Suspenseful, non-predictable, who-dun-it
The narrators voice was a bit whiney or something. Not that pleasant to listen to, but overall, she did a good job changing characters.
It was easy to keep having ideas who might have done it, but all the way through, the author deftly led us on different paths so you were never sure.
Cape Refuge contains murders and amateur detective work, and plenty of religious messages.
About the murders and detective work. These have more the depth of an Enid Blyton story, less the depth of a Connelly. It's reminiscent more of the Five Find-outers and Dog, less of Harry Bosch. If your intellectual diet is a good murder mystery, eschew this one.
About the religious stuff. It's like the background of a webpage, colored so bright that it sometimes distracts from the content. The religious theme isn't overplayed, but it's certainly not underplayed either. So if you are looking for religious discourses, I suspect that Norman Vincent Peale or Billy Graham will be better bets, though I confess I have read neither.
So who should buy this book? I think if you are looking for a gentle murder mystery, something that doesn't tax the brain too much, and a lot of family and spiritual messages, this book could be ideal.
Some reviews have criticized the narration. Personally, I thought that it was quite good.
I listen to audio books while working.
A number of people commented that this was too religious. It is a book about a Christian couple's murder and their children search for the truth, and there are Christians and non-Crhistians. I didn't find it preachy -- if this had been a Jewish couple's death then it would have been very Jewish faith oriented. However, if you have a thing against people talking about deep faith and struggling to find their faith, then this is not the book for you. I might not read the series but it was a good book. A little formula, A little obvious in the secondary characters lives, but a good book.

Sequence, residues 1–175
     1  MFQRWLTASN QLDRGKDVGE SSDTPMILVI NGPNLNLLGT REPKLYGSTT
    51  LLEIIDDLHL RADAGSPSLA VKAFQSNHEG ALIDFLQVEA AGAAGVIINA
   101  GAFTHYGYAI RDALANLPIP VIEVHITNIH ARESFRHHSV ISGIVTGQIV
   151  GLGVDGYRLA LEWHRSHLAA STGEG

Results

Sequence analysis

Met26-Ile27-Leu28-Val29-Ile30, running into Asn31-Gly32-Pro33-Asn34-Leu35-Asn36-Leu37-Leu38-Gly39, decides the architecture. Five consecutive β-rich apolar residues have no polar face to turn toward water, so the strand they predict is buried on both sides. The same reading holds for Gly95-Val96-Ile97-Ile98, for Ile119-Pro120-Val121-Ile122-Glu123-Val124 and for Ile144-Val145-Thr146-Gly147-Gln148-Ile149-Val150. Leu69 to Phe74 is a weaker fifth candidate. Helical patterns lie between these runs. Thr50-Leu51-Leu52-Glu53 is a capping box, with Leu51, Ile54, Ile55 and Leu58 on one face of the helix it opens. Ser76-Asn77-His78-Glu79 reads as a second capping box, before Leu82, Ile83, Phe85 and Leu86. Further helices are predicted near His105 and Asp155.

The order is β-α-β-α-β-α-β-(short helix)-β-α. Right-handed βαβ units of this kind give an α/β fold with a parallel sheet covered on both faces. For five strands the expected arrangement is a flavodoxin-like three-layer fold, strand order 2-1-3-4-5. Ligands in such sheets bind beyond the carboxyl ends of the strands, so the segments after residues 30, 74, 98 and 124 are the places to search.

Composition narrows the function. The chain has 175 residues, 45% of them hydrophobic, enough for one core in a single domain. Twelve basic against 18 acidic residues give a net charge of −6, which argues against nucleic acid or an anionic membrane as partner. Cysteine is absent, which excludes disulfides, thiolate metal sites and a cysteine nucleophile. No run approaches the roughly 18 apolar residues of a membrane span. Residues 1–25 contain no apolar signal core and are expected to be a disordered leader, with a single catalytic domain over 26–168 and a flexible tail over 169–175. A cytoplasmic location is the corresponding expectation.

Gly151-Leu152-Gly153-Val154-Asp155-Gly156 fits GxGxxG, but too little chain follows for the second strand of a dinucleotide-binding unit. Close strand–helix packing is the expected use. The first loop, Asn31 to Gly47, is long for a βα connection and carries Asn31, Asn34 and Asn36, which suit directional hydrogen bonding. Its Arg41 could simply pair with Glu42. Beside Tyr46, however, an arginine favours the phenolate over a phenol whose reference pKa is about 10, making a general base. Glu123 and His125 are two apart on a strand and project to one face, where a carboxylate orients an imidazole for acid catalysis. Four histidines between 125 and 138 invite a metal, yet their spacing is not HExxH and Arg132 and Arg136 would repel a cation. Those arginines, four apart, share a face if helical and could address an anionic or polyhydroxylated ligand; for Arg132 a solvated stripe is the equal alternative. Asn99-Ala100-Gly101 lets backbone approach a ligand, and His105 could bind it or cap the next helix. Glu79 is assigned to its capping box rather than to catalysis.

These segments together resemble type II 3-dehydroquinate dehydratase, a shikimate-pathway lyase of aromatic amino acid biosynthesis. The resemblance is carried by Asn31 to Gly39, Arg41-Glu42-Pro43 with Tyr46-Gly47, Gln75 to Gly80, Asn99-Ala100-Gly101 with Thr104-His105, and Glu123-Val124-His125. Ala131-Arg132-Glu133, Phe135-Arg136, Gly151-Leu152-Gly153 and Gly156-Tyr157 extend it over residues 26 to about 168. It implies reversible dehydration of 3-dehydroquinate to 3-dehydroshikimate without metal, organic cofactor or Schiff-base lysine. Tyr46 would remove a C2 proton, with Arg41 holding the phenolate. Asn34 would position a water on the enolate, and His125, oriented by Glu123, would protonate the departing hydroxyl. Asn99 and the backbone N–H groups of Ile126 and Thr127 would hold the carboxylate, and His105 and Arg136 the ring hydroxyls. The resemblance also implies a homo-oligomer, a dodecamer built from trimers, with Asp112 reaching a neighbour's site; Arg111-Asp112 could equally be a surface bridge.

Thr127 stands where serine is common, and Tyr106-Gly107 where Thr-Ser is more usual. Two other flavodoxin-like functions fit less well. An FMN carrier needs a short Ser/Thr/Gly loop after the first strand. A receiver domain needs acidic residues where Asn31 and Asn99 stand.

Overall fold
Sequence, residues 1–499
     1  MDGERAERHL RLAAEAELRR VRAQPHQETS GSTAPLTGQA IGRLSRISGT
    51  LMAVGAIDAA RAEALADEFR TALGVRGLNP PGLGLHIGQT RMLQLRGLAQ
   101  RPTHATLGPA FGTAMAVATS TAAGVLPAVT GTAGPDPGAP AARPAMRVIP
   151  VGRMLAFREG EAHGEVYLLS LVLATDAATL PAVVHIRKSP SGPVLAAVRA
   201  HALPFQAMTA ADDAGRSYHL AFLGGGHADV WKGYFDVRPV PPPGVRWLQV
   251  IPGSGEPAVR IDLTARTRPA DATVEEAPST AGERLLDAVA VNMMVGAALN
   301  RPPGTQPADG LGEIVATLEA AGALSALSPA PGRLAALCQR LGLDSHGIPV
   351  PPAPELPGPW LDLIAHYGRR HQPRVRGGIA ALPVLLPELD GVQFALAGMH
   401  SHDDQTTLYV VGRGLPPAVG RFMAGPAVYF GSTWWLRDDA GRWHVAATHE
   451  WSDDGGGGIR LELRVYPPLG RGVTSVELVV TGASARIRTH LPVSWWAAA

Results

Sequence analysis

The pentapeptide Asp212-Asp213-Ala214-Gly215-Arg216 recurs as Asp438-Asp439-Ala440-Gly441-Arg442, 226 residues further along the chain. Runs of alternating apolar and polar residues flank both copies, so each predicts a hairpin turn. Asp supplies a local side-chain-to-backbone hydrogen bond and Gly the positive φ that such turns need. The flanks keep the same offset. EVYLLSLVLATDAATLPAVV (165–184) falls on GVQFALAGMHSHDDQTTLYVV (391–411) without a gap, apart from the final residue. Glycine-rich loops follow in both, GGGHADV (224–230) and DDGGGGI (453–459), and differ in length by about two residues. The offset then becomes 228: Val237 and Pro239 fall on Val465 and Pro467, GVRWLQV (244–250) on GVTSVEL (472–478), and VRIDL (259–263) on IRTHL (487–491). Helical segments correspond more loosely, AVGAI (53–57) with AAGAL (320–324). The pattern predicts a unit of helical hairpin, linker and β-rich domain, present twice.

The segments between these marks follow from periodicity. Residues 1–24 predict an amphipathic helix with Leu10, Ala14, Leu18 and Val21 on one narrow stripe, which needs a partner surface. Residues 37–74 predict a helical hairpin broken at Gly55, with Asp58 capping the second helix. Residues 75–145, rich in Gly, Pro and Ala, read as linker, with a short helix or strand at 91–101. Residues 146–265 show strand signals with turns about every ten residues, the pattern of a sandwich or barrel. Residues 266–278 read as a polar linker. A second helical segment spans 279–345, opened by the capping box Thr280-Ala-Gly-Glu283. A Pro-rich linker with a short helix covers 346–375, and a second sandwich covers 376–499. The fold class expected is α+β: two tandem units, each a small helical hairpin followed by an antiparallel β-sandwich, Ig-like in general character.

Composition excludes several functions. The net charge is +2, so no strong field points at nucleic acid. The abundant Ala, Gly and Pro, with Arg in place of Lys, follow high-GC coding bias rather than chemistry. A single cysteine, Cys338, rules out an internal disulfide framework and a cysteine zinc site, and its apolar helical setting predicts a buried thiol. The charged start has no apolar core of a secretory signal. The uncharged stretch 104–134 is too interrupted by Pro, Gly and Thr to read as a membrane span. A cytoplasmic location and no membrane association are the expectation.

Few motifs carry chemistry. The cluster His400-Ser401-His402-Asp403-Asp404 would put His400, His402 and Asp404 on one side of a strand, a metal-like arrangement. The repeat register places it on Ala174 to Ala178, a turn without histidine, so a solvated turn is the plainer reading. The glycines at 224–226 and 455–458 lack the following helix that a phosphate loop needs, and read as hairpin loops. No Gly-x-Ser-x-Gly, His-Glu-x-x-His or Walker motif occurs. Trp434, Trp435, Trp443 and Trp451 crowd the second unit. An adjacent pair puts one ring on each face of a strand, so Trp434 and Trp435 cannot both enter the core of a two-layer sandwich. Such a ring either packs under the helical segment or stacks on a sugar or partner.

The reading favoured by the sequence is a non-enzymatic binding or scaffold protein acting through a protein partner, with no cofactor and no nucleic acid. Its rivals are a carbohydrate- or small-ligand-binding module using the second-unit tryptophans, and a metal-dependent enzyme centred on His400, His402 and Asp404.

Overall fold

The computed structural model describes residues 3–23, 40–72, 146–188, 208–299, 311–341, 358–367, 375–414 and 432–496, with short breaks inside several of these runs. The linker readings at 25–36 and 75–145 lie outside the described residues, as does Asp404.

Say something about yourself!
Lousy writing, too many adjectives, too much angst, too much overreaction, little restraint, whiny embarrassing southern accents plus pious christianity. There may have been a plot but no way I could listen past the 5th chapter. Life is too short to listen to such drivel.
Something better than this, I hope.
Oh, God no, please spare me.
I didn't find any
An excellent reader with a better regional accent using more restraint emoting couldn't save the writing. This is the first. Maybe they improve. Maybe.
Yes, I might read another Blackstock book but wouldn't want to listen to this narrator. I can tell Renee worked really hard to give her all to the the characters, but many times I felt like giving up on it because of the whining quality of the two main character's (Blair and Morgan) voices. For me it was really hard to listen to! Story was good. Just wish I had read it instead of listened to it.
If I had read the physical book I might be able to answer this question. But listening to it distracted me from so much of the storyline.
Don't know as each narrator brings something different to the characters. Their performance can make or break a story.
“I don't want to be alone, I want to be left alone.” ― Audrey Hepburn
Intriguing, exciting and performance... I loved this book and the characters. Can't say enough about the narrator Renee, she's great to listen to and She has these characters down, not missing a beat with emphasis. Love the storyline and the use of characters. Couldn't stop listening and can't wait for more...
Say something about yourself!
Nothing happens for he first 25 chapters, everybody is miserable and act in a nonsense way
When I purchased this book, I thought I would get a good murder mystery with Christian overtones. I was wrong. I did force myself to read the complete book but really it was far too long. The short murder plot was submerged under masses of padding in the form of "feelings", especially love, weeping, wailing and long, long, long conversations trying to convert the unbelieving sister who naturally also has a physical flaw. As a Christian, I am not afraid of Christian literature, but in this book the characters are too good to be true and so they are hardly human. In fact the only mistakes they seem to have made are those done before they became Christians. Despite the endless hours devoted to the feelings of the main characters, the bad ones are just regarded as greedy and evil and there is no effort spent trying to show these people also as human, albeit as inadequate ones. But all ends well, of course. What else would I have expected? I should have saved my money and bought another CS Lewis book.